Racism to be treated

by rorych on October 28, 2014 - 8:25pm

          The article, “Has Ebola exposed a strain of racism?” by Hannah Kozlowska published in the New York Times on October 21st discusses how Ebola might have brought various racist attitudes in care systems, medias, politics etc. To support her idea, the author uses Thomas Erica Duncan’s situation, a black man who contracted Ebola and has been refused from a hospital. However, through the articles many experts gave their opinions about racism being an issue in the medical field. Some of them have explained how it was obvious that black people were taken care of differently than white people, but the majority is too afraid to discuss that particular subject. Many cases have exposed that non-white people have been recently refused from college applications or sent back to their original country. The decisions were based on if their home country was actually known for Ebola.          

          I obviously agree that racist attitudes have been seen in different fields, not only am I talking about Ebola, but other cases that have been recently going on in the United Stated and Canada as well. I believe that people are over exaggerating, but I also understand why they are so repulsively protective; they are trying to take precautions. However, I do not support it and think that it is not right. People’s lives are at sake. It is not fair that doctors get to play the honest and good men with their denial masks on while people are being blame for things they may not even be related to at all. Their denying selves will only worsen the case, which is already is. As we have discussed in my class recently, there is a lot of racism going in medical care systems, which people are not enough aware of because most of the doctors are not comfortable talking about or either deny it directly. The article was well supported by disgraceful and quite surprising past events. It shows how far can racism go. Although, the article was interesting, I felt bombarded by so many experts’ names that I could not follow through. A small amount of experts would have been just enough to justify the author’s point. I believe that using these procedures will only affect the institutions and harm the reputation of non-racist acts.A disease can be contracted by anyone of any color. It is a shame that people have been profiling diseases according to race.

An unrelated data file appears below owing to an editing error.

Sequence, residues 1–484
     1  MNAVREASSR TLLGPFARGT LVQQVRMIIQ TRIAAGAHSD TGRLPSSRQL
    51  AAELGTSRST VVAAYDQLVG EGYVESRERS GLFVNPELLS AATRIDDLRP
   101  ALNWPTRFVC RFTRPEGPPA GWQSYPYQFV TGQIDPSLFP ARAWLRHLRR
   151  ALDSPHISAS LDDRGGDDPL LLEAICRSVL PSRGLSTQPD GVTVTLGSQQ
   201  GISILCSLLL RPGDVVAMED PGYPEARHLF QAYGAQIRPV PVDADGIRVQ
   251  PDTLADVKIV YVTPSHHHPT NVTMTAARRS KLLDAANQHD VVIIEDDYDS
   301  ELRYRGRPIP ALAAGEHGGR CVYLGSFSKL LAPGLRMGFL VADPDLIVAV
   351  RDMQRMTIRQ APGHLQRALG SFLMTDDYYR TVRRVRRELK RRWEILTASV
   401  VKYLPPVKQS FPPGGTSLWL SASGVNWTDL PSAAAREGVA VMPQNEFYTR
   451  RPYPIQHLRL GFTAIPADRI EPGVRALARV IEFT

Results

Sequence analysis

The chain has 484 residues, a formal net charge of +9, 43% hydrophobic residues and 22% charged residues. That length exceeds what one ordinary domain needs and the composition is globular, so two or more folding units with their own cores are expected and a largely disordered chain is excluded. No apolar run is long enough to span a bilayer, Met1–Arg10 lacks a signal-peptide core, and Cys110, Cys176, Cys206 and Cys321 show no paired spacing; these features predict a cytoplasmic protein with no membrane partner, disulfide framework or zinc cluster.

Your post was really interesting to read. Plus, the issue related to the epidemic of Ebola is a very interesting topic, which is popular since the past months. Indeed, it is atrocious to hear that some students in the United States could be refused from college application of even sent back to their home country due to the fact that their country is known to possess the epidemic of Ebola. As you said, anyone can have the virus of Ebola. Africans are not more likely to get it than Europeans, Americans or Asians. Such decisions are making no sense and are truly racists since people are refused or ejected from the country due to the identity of their home country.

Although, it is comprehensible to notice a huge reinforcement in precautions since countries such the United States and Canada do not want to face a deadly disease like Ebola. Your post made me think of an important soccer event that was supposed to occur in Morocco in January, but has been changed to Equatorial Guinea because the Moroccan soccer federation did not want to face the big amount of tourists that would come from everywhere in Africa. The soccer event in question is the African Cup, which represents the sixteen best African countries. Knowing that the epidemic of Ebola was growing very fast in certain African countries and that millions of individuals from anywhere in Africa would come to this important competition, they decided to give up the organization of this event in order to avoid the arrival of Ebola in Morocco. This is another example of people that are very ‘’repulsively protective’’. In my opinion, in this case, the Moroccan government took a secure and understandable decision.

Here is a link where you can learn about the Moroccan decision according to the African Cup:

Claude-H D.

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